Applications in ViroReact consist of Scenes, represented either by ViroScene or ViroARScene components. Scenes are the 3D equivalent of the Views found in most 2D application frameworks. They contain all the content that ViroReact renders in AR/VR: UI controls, 3D objects, lights, and more.

An application in ViroReact typically contains one or more of these Scene components contained in a ViroSceneNavigator or ViroARSceneNavigator.

Basic Scene

A simple <ViroScene> is provided below. The scene contains a single <ViroText> object, which displays the text "Hello World".

  <ViroText text="Hello World" position={[0, -.1, -1]} />

Positioning Objects in a Scene

Viro uses a right-handed coordinate system, where the direction of view is along the negative z-axis. The point of view can be modified by changing the Camera. By default, the camera is positioned at [0, 0, 0] and looks in the direction [0, 0, -1]. In frameworks with only 3DOF (3 degrees of freedom) support (like mobile VR), the camera stays at [0,0,0] until moved by the developer with the end user only able to control the rotation of the camera. On the other hand, 6DOF (6 degrees of freedom) supported frameworks allow the end user to move about their world and move the camera in the Viro Scene in response (like in AR).


Objects in the scene are positioned in this 3D coordinate system via the position attribute. As scenes grow in complexity, it is best to take advantage of Viro's underlying Scene Graph when placing objects.

Scene Backgrounds

The background of a scene is the content rendered in the distance, behind all the objects. This background can either be a 360 degree image, or a skybox.

To render a 360 image as the background add a <Viro360Image> component to the scene, as shown below.

<ViroScene style={styles.container} >
  <Viro360Image source={require('./res/360_diving.jpg')} />

To render a skybox, use the <ViroSkybox> component. A skybox is a cube with 6 sides that encloses the user. The six sides can either be given a solid color, by setting the color attribute of the skybox, or they can each be assigned a texture, by setting the source attribute. In the example below, each side of the skybox is assigned the same image.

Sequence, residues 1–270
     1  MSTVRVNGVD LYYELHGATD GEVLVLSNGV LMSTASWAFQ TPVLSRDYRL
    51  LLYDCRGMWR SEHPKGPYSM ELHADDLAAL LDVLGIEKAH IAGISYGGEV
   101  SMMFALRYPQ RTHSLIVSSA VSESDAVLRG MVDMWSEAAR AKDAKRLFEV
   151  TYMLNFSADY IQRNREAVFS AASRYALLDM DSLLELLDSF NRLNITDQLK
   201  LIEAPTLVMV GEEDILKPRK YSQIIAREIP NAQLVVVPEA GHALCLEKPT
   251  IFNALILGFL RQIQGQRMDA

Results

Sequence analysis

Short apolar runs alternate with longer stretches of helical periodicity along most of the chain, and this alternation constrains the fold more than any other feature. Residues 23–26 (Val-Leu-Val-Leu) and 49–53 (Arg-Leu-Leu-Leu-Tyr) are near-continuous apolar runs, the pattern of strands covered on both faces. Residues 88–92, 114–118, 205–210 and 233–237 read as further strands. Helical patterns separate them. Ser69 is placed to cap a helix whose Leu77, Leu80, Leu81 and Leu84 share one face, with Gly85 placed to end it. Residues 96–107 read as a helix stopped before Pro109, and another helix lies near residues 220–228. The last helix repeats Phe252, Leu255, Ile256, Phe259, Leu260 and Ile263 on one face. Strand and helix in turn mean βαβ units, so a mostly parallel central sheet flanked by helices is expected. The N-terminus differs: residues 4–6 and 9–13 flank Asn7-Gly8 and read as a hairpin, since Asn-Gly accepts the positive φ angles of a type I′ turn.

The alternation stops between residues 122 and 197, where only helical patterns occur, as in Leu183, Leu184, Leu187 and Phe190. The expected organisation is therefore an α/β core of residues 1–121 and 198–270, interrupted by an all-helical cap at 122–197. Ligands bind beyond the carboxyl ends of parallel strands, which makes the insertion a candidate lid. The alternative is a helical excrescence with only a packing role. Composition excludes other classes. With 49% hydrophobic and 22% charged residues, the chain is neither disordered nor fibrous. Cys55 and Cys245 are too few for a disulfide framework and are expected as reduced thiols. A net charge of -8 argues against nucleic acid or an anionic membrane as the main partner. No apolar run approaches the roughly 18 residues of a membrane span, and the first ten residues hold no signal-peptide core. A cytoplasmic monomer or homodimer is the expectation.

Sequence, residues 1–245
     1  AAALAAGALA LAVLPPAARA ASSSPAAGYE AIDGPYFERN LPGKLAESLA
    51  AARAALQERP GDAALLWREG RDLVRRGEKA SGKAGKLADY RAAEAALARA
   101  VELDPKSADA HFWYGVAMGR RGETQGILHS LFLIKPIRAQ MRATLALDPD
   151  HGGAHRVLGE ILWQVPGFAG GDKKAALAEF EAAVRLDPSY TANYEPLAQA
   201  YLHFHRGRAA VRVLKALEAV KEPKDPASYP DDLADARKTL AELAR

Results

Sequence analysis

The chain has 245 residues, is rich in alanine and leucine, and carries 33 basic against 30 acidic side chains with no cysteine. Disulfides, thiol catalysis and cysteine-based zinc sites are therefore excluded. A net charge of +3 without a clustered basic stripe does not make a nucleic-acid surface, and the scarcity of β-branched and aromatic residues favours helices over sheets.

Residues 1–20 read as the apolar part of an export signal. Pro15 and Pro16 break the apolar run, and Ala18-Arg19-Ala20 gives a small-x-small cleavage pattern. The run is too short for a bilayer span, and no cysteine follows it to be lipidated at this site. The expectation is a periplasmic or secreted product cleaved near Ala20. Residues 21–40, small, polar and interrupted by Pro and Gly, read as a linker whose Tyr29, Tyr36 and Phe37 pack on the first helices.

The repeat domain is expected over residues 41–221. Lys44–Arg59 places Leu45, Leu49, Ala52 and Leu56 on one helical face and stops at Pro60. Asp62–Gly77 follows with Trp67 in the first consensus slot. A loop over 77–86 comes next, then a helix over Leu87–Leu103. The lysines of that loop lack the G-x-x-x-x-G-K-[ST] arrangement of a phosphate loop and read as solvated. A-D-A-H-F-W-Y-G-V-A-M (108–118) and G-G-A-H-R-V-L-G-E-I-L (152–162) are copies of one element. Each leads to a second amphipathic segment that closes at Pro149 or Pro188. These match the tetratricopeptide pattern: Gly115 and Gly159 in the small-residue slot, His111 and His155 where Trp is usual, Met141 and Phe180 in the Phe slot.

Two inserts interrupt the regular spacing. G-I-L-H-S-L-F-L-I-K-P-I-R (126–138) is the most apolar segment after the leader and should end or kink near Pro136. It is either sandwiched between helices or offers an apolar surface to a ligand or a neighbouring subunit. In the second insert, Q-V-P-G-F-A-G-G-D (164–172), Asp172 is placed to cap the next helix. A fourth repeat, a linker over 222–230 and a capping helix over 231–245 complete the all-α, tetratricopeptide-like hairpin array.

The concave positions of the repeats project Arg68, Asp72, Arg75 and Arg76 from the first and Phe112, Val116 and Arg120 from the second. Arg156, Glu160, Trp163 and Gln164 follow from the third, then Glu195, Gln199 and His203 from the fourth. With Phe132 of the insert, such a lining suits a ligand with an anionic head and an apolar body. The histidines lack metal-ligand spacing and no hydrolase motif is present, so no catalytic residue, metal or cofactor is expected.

<ViroScene style={styles.container}>
  <ViroSkybox source={{
    nx: require('./res/grid_bg.jpg'),
    px: require('res/grid_bg.html'),
    ny: require('res/grid_bg.html'),
    py: require('res/grid_bg.html'),
    nz: require('res/grid_bg.html'),
    pz: require('res/grid_bg.html')
  }} />

The parameters in source, nx, px, ny, py, nz, and pz, specify the texture to use for each cube face (where nx is the face in the negative-x direction, px is the face in the positive-x direction, and so on).

Scene Graph

Underlying the <ViroScene> is a full-featured 3D scene graph engine. A scene graph is a hierarchical tree structure of nodes that allows developers to intuitively construct a 3D environment. The root node is the <ViroScene> itself. Sub-nodes are represented by child <ViroNode> objects. Each <ViroNode> represents a position and transform in 3D space, to which you can attach 3D objects, lights, or other content.

A <ViroNode> by itself has no visible content when it is rendered; it represents only a coordinate space transform (position, rotation, and scale) relative to its parent <ViroNode>. You use a hierarchy of <ViroNode> objects to model your scene in a way that makes sense for your app.

For example, in the scene below Text A's final position will be [0, 0.9, -2], and Text B's final position will be [1, 1, -1]. Similarly, Text A's final scale will be [2, 2, 2], while Text B's final scale will be [4, 4, 4], since it picks up the scale from both its parent nodes.

  <ViroNode position={[0, 1, -1]} scale={[2, 2, 2]}>
    <ViroText text="Text A" position={[0, -.1, -1]}  />
    <ViroNode position={[1, 0, 0 ]} scale={[4, 4, 4]}>
      <ViroText text="Text B" />

To take a more concrete example, suppose your app presents an animated view of a solar system. You can construct a <ViroNode> hierarchy that models celestial bodies relative to one another. Each body can be a <ViroNode>, with its position in its orbit defined in the coordinate system of its parent. The sun would define its own coordinate space, and the Earth would position itself in that space. At the same time, the Earth would define its own coordinate space in which the moon would position itself. The snippet below shows a simple solar system.

<ViroNode position={[0,0,-3]} 
  /**sun-earth system**/>	
  <ViroSphere materials={["sunClipart"]} />  
  <ViroNode position={[0, 0, -5]} 
    /**moon-earth system**/>    
    <ViroSphere position={[0,0,0]} materials={["earth"]} />
    <ViroSphere position={[0,1,-2]} scale={[.2, .2, .2]} materials={["moon"]}/>  

This scene hierarchy makes it intuitive to animate the celestial bodies: the revolution of the moon around the Earth and the Earth around the sun combine such that the moon follows the planet around the sun.